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I've recently noticed that a new device shows up as available to cast to from my android phone when I'm logged on to our home Wi-Fi. It's an LG Sk8100 TV, but as we own no such TV. I'm assuming it's the neighbour's.

Since our Wi-Fi is WPA2-PSK AES protected, and I have not shared the key with the neighbour, I'm worrying that our network is compromised.

Strangely though, checking the device list in the router, no TV shows up in the DHCP Client list or wireless connections for either 5Ghz or 2.4Ghz networks. The only connected devices are my desktop PC and my android phone.

So why can I cast to this mystery LG TV when I connect to our Wi-Fi, while no such TV seems to exist in the attached devices list of the router?

The TV does not show up if I disconnect Wi-Fi, or if I leave our apartment. It only shows up when connected to our Wi-Fi. If I try to cast to it, the connection times out and fails. I speculated that it was some Google thing tied to location, but it's still there with location tracking off on the phone.

It also seems that the only app that can "see" the phantom TV is YouTube for some reason. That is, other cast-enabled apps, like Netflix or Chrome, are not able to see the TV. Moreover, it only shows up in the YouTube app on my phone (a Huawei P20), so not on the desktop or my wife's phone.

I have now conducted another test where I set the router in MAC-adress whitelist-mode, and the TV is still there. So there is something really strange going on.

I'm leaning towards this being some Google software quirk rather than an attack, but maybe someone here recognizes the issue and has input.

One thought, could the TV show up through my ISPs CG-NAT? Or in the WAN above the router in some way?

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    Have you asked your neighbors if they are logged into your wifi? – Tom K. Feb 26 at 11:41
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    If I recall correctly, the first part of the pairing is that the device itself broadcasts an SSID that your phone can pick up. So if you're nearby you can attempt to pair, but only if you can enter the code shown on-screen. I've run into this in hotel rooms that offer modern Android-based TVs. – Polynomial Feb 26 at 11:53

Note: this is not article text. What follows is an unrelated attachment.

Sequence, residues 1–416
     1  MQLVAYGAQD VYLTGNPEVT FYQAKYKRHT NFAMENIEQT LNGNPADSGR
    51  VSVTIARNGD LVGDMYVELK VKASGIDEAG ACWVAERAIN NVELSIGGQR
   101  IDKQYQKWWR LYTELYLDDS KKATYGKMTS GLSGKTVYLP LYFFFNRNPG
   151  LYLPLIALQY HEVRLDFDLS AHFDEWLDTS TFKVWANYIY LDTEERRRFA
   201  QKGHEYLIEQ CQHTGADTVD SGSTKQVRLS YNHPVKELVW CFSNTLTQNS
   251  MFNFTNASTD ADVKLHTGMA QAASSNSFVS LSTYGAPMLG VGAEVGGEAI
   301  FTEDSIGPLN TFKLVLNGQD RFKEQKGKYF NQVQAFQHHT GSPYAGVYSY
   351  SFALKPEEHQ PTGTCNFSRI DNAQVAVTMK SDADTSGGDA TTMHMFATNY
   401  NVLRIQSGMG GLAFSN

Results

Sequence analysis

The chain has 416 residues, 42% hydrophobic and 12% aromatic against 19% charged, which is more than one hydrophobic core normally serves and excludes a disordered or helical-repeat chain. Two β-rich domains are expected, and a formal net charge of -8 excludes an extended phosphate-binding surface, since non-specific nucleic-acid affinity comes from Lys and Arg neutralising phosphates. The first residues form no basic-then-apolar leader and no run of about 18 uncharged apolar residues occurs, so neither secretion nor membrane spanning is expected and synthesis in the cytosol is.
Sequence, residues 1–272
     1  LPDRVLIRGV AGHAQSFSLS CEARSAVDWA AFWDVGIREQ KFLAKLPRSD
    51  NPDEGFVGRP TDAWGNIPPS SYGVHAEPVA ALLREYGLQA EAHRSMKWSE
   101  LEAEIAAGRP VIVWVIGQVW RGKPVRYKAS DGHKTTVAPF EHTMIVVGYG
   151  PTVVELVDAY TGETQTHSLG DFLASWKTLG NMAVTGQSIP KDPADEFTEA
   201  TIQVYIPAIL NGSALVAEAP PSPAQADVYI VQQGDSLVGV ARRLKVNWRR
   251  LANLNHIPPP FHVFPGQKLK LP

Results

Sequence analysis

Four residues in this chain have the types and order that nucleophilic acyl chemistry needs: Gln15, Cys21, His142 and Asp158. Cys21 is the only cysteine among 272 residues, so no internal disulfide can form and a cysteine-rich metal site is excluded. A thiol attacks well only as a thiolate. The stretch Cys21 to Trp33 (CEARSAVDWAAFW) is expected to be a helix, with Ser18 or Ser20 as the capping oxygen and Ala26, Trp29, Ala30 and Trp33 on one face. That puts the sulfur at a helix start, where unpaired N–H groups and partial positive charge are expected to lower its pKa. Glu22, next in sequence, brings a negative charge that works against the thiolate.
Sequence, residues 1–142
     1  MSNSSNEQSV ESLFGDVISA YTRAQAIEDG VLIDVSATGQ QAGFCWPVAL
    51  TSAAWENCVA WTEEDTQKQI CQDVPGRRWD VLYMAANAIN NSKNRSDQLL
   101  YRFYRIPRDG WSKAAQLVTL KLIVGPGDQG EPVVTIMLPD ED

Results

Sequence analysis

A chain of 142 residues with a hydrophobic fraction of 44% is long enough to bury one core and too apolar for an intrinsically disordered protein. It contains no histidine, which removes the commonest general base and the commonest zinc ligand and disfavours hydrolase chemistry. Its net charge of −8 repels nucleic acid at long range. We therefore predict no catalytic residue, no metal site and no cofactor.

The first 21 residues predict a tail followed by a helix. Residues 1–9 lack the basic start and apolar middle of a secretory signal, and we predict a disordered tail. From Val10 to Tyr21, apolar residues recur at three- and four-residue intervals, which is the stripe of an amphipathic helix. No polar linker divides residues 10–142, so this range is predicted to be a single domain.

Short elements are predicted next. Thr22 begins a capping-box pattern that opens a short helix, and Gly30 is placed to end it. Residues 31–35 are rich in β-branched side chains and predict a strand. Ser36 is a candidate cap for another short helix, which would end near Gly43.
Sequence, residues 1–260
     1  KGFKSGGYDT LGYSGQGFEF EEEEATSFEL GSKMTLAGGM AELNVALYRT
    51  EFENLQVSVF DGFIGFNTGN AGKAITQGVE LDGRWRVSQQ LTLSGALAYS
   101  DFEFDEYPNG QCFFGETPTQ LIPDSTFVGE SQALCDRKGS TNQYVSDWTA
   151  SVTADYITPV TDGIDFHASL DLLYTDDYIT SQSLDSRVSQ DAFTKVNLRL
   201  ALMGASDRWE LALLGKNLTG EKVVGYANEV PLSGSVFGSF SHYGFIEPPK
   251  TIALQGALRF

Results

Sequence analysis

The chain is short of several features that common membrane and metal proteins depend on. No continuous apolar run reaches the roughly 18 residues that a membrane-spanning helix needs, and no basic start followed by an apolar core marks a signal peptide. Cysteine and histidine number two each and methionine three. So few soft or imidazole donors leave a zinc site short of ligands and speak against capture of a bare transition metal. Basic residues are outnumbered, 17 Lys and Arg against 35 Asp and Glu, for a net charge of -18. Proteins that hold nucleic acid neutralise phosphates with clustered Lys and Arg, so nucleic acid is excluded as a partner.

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    @TomK. Interacting socially? Don't be absurd. Jokes aside, it's a big building so I'm not sure whose TV it is. Plus, in the unlikely event that they are logged on I'd like to know to what extent the network is compromised before confronting them. – hexamon Feb 26 at 13:53
  • I think you should go to the phone manufacturer(i.e. Huawei) support site and ask them whether this is as intentional or is a bug. – mootmoot Mar 19 at 13:13
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Because you are talking about Chromecast, you need to look at the abilities of Chromecast in guest mode:

https://support.google.com/chromecast/answer/6109286?hl=en-GB

Guest mode makes it easier for your friends to cast their favourite media to your Chromecast from a mobile device without connecting to your Wi-Fi network.

So, what you are likely seeing is a device that is Chromecast enabled with guest mode on (I think this is by default). You could try to cast to that device, but there is a pin code that pops up to prevent neighbours from casting who cannot see the screen.

Only cast-enabled apps can see it, so the YouTube app makes sense. If you opened Chrome, you might be able to cast a tab, too.


With the recent details of it only showing up in one app in one device and not in any other apps and not on any other device, it looks more like a bug in that app being able to pick up a castable device that it should not.

  • The thing is, it only shows up: 1) When connected to our Wifi. 2) In the YouTube app (not other cast enabled apps) 3) On my phone Edited my question to clarify this. – hexamon Mar 19 at 9:42
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    @hexamon Is 1. really true? Or does it also show up if you delete your Wifi connections, so you are not connected to the Wifi but have Wifi enabled on the phone? I assume you are always automatically connected to your Wifi network, if you enable Wifi on the phone? – Josef Mar 19 at 10:12
  • @hexamon with all the rest of the details you added, it does not look like a compromised network, and it does not look like normal Google Cast behaviour. It also does not look like a security issue but a weird bug. – schroeder Mar 19 at 10:14
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Some TV sets have a feature named Wi-Fi Direct, where the TV acts as a router itself for your device so it can cast for the TV. If it is the case, you should see the TV even if it is outside your Wi-fi.

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    But wouldn't that mean the TV should show up as a router? As it is now, it only shows up as a castable device when I'm logged on to our wifi. – hexamon Mar 6 at 8:12

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